Still, the committee said the use of "ill-considered words" by a judge can undermine the public's confidence as much as the reality of proven bias.

For example, Lenehan's request to a mother breastfeeding her infant son "to take that out of the courtroom" may have been better phrased and explained at the time, the decision said.

"Certain phrases ... may have benefited from more careful and contextual reflection," the decision said.

The province's judicial council received 121 written complaints, in addition to emails and phone calls, following Lenehan's oral decision.

Certain phrases ... may have benefited from more careful and contextual reflection.Review committee

The cab driver was charged after police found a woman in her 20s passed out in his taxi in the early hours of May 23, 2015.

The complainant was found in the rear seat, naked from the waist down, with her breasts exposed. She was unconscious. The police described the respondent's zipper as part-way down.

However, Lenehan said there was no evidence of lack of consent — a finding the province's appeal court later found erred in law.

"The committee can understand why many members of the public found the reported aspects of the case to be of sufficient concern to file complaints, given the current context of sexual assault awareness," it said.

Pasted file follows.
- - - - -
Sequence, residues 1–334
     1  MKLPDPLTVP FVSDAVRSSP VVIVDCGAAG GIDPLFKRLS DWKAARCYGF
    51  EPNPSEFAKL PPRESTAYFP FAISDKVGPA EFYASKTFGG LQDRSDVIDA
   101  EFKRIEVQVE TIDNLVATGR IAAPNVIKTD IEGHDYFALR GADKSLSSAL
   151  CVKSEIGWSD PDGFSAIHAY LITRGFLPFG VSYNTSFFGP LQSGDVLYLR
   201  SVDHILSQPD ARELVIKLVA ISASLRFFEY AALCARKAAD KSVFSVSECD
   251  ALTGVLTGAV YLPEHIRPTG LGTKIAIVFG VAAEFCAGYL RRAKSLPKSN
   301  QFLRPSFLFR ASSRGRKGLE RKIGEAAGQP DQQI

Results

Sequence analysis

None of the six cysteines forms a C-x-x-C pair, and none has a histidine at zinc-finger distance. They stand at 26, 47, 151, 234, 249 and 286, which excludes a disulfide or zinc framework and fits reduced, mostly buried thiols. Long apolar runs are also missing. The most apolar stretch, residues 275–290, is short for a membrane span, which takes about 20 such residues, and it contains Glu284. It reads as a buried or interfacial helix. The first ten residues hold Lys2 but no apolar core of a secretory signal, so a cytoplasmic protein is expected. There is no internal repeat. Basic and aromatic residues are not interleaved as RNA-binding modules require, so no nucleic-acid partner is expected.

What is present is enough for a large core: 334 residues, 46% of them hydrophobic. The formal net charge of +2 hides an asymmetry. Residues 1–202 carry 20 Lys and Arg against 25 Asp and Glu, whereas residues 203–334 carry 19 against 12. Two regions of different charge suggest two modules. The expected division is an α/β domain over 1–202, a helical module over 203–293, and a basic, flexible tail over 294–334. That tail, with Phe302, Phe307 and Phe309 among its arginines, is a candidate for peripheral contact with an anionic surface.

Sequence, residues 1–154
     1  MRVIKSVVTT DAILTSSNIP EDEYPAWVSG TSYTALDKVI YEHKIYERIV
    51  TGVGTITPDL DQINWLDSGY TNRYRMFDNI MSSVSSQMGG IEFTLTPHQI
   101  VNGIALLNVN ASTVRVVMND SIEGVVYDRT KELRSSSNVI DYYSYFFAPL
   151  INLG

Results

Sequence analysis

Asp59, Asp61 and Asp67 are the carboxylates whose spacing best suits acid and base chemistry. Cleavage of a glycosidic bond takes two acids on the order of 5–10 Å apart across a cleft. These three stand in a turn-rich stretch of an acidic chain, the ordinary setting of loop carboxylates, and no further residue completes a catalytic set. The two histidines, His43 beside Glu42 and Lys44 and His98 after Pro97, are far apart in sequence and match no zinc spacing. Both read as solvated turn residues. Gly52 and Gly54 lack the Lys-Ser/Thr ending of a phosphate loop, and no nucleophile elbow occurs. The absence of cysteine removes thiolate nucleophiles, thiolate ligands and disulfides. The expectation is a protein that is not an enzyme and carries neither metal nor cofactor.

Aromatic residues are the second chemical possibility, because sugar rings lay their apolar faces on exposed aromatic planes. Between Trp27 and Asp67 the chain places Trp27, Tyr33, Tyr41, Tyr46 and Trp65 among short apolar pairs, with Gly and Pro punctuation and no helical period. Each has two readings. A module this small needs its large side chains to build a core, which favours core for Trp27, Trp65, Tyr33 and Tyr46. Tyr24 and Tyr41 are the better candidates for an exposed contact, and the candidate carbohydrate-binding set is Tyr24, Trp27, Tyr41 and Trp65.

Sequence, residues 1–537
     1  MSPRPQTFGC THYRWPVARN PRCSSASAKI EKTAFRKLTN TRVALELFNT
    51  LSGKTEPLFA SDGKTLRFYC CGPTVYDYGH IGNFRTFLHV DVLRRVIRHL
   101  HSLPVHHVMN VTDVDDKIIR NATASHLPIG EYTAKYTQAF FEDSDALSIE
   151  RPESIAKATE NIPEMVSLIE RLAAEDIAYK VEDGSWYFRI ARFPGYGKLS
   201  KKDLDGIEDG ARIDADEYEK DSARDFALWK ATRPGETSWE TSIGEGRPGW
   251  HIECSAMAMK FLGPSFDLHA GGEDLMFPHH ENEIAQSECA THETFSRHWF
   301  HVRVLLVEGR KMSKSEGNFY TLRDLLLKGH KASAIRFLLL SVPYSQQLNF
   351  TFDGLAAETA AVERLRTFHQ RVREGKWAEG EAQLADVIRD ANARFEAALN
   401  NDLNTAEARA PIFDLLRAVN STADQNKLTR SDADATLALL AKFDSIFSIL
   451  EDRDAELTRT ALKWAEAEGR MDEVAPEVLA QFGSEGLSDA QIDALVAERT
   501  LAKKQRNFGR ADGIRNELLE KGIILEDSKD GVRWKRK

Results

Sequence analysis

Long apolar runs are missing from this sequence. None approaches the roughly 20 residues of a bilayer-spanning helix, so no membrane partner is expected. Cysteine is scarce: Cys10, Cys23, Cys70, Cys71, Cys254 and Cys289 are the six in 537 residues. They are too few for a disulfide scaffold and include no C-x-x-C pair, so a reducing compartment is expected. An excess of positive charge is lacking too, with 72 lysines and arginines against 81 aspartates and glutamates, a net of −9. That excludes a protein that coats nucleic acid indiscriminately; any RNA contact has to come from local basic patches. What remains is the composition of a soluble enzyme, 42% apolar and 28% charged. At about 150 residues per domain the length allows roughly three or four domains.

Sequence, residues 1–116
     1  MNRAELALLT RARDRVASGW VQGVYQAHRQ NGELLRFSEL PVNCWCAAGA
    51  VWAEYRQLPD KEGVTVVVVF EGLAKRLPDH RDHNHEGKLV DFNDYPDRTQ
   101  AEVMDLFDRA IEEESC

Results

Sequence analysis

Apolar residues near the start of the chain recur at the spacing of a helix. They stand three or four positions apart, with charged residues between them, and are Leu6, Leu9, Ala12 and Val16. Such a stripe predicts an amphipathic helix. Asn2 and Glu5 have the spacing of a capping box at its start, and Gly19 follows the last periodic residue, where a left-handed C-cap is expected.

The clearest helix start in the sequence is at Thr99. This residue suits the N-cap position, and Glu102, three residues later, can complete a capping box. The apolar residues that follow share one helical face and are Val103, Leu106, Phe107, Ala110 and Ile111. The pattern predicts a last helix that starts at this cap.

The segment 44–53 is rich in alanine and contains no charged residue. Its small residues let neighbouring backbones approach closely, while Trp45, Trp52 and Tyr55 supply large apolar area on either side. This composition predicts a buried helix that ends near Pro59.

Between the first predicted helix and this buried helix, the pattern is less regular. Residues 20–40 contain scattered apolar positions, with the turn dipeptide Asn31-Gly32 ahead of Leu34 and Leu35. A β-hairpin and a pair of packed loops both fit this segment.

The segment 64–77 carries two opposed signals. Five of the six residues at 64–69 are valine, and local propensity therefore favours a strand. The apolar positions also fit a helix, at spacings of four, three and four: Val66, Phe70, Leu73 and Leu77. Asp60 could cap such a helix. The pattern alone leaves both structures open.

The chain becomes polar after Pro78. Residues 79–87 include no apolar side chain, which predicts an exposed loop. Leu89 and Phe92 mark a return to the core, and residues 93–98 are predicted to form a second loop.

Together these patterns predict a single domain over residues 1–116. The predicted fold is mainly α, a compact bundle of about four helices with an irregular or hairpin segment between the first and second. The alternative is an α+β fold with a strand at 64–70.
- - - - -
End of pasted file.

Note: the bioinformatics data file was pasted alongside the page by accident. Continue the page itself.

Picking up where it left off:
"Judges must therefore be diligent in staying current with changing laws and social value."

Complaints said he showed prejudice

Meanwhile, other complaints lodged against the judge pointed to decisions they claimed demonstrated Lenehan's "prejudice against women," including a case involving a man convicted of sexual assaulting his teenage step-daughter.

Complainants said the sentence of two years less one day — to be served in the community — was too lenient.

Yet the committee said in its 45-page decision that the judge accepted a joint sentencing recommendation from the Crown and the defence, and that it was within the range of sentences for similar offences.

Other sentencing decisions were also pointed to as being too lenient, such as two high-profile cases involving youths charged with distributing child pornography related to a photograph of a young woman engaged in explicit sexual activity, which was circulated without her knowledge or consent.

In these cases, the committee noted the judge used stern language with the accused, saying he showed "utter contempt" for the young woman, her dignity, her self-respect and her privacy.

Lenehan no longer relies on notes when reading decisions

The sentence of probation was not reflective of gender bias, the committee said, but abided by provisions of the Youth Criminal Justice Act as well as joint recommendations from the Crown and defence.

The committee noted in its decision that when asked what changes, if any, Lenehan has made since the complaints were filed, he replied that he no longer relies on notes when rendering oral decisions.

Instead, he writes out his decisions in full, the committee said.